Let's Talk About Animals Dancing

A few months ago, we posted about Snowball, the dancing cockatoo. While we were mostly just psyched that an animal was getting down to the Backstreet Boys' "Everybody" (seriously, watch the video—it's amazing), the scientific world was excited for a different reason.

It turns out there are a lot of dancing birds, but not many other animals who can dance (defined, in scientific terms, as being able to synchronize movement to a beat). For that reason neuroscientist Aniruddh D. Patel has hypothesized that there's a link between vocal learning and dancing. Humans talk up a storm and dance up a storm; they're able to imitate what they hear as well as what they see, with their voices and, ultimately, their bodies. Birds, who learn to sing by listening to other birds and copying the sounds, can do the same thing. Other animals can't. Or so Patel's theory goes.

But as this great NPR blog post notes, a California sea lion named Ronan seems to be able to keep a beat, too. Check out the video below—the evidence looks pretty convincing. (And we love that Ronan is also a fan of the Backstreet Boys.)

So what does this all mean? Are there other non-vocal-learner animals who, like Ronan, can rock out? Will we be seeing a bird-and-sea-lion dance revue anytime soon? Will it feature a Backstreet Boys soundtrack? The scientific jury is still out, but we're kind of hoping the answer is "yes" to all of the above.

(From left) Darriel Johnakin, Diego Pasillas, and Emma Sutherland (all photos by Erin Baiano)

Congratulations to Dance Spirit's 2019 Cover Model Search finalists: Darriel Johnakin, Diego Pasillas, and Emma Sutherland! One of them will win a spot on Dance Spirit's Fall 2019 cover. Learn more about the dancers on their profile pages, and then vote for your favorite below. You can vote once a day now through July 15.

We also want you to get social! We'll be factoring social media likes and shares into our final tallies. Be sure to show your favorite finalist some love on Facebook, Instagram, and Twitter, sharing their profile pages and using the hashtag #DanceSpiritCMS.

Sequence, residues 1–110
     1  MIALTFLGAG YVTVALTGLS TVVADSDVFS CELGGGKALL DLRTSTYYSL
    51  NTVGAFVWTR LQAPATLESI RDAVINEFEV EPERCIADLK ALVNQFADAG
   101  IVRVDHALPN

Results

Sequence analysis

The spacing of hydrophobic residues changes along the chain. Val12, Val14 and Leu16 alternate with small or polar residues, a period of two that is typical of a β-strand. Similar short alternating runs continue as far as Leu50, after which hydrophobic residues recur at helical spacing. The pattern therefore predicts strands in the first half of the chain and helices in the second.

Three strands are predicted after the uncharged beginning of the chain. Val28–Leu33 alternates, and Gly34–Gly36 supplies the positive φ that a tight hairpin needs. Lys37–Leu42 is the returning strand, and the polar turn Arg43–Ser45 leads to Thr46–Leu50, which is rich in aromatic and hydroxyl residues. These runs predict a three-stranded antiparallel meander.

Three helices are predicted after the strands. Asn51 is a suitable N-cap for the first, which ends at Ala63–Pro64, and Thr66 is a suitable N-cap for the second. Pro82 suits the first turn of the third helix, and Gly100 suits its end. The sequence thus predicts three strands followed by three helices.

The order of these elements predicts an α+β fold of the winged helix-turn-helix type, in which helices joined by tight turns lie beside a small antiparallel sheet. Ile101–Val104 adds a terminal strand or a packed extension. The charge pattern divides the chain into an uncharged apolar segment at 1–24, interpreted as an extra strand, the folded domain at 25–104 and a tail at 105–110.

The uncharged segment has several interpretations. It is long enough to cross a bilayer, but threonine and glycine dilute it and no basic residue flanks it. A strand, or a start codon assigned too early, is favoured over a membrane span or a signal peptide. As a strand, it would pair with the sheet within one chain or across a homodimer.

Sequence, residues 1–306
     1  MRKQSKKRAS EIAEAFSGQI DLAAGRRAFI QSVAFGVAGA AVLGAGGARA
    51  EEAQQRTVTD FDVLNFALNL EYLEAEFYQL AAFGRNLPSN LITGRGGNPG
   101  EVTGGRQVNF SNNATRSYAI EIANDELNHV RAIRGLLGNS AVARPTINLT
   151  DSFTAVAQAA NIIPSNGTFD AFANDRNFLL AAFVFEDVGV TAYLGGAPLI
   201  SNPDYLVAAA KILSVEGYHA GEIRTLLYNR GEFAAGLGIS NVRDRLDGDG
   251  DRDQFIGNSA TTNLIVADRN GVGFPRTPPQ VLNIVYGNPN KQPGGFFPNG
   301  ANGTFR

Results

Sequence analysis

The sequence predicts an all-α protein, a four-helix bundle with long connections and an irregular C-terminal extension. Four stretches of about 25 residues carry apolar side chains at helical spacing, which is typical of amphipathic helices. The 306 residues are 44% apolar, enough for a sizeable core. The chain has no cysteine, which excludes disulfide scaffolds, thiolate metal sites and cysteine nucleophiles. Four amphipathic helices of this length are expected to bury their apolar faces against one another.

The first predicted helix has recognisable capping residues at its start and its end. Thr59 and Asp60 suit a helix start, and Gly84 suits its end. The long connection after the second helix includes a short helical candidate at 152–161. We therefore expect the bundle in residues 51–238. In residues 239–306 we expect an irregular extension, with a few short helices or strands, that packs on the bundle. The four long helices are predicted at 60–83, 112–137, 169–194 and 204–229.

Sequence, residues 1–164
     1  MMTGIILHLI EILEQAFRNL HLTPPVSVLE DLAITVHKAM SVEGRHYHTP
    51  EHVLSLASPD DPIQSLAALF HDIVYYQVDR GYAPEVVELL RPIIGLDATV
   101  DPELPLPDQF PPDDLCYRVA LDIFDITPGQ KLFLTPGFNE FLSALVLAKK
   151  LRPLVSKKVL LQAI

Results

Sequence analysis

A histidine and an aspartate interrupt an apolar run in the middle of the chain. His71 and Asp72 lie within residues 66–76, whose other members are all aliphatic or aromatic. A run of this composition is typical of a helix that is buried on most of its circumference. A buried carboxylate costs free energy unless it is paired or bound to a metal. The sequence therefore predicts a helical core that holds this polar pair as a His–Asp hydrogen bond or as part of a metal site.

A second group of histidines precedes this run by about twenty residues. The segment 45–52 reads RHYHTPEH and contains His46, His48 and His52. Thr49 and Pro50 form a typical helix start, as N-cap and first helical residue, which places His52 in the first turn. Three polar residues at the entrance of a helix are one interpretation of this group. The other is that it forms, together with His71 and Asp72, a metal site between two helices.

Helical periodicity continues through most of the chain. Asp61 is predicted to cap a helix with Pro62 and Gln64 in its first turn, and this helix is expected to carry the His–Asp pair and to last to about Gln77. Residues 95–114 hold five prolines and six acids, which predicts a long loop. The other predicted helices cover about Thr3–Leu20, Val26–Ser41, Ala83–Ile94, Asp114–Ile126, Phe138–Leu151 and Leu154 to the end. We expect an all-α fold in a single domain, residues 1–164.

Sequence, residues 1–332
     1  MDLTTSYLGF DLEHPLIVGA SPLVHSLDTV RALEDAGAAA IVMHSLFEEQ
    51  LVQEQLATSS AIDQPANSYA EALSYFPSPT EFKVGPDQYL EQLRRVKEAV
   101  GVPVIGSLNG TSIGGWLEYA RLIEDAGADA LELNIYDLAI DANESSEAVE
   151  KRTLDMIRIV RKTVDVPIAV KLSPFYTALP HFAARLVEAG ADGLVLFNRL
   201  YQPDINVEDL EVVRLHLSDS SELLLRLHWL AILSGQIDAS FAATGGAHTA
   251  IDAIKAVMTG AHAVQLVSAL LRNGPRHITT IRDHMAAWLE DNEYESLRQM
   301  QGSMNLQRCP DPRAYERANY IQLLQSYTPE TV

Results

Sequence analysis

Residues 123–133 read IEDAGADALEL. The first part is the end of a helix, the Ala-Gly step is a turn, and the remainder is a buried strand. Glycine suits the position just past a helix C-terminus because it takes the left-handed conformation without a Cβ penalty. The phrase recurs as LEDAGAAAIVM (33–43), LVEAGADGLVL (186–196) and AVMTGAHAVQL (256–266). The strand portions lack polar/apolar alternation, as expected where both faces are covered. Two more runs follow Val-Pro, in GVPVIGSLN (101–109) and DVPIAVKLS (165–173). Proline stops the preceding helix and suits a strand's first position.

Cover Model Search

WilldaBeast and…a car? They may be unusual duet partners, but this new ad proves they're a pretty sweet match.

Keep Reading Show less
Dance Videos
Isabella Boylston in "The Bright Stream" (Rosalie O'Connor, courtesy American Ballet Theatre)

Beloved by ballet fans for her lucid technique and onstage effervescence, by her Instagram followers for the deftly curated photos and videos she shares of her glamorous life, and by fangirl Jennifer Garner for all of the above, American Ballet Theatre principal Isabella Boylston is one of the rare ballet stars who's achieved mainstream fame. A native of Sun Valley, ID, Boylston trained at the Academy of Colorado Ballet and the Harid Conservatory before joining the ABT Studio Company in 2005. She entered the main company as an apprentice in 2006, and attained principal status in 2014. In addition to her successes with ABT, where she dances nearly every major ballerina role, Boylston has served as artistic director of the annual Ballet Sun Valley Festival, which brings high-level performances and classes to her hometown. And speaking of famous Jennifers: Boylston recently appeared as Jennifer Lawrence's dance double in the film Red Sparrow. Catch her onstage with ABT as Manon, Odette/Odile, and Princess Aurora during the company's Metropolitan Opera House season this summer in NYC. —Margaret Fuhrer

Keep Reading Show less
Dancers Dish



Get Dance Spirit in your inbox